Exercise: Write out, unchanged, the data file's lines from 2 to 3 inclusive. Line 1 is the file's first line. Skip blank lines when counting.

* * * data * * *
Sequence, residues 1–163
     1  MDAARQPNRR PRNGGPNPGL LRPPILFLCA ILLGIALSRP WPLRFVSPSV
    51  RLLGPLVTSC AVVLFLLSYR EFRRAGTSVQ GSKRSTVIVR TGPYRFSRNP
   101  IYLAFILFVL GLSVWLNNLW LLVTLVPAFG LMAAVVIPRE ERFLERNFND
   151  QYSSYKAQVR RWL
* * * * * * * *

     1  MDAARQPNRR PRNGGPNPGL LRPPILFLCA ILLGIALSRP WPLRFVSPSV
    51  RLLGPLVTSC AVVLFLLSYR EFRRAGTSVQ GSKRSTVIVR TGPYRFSRNP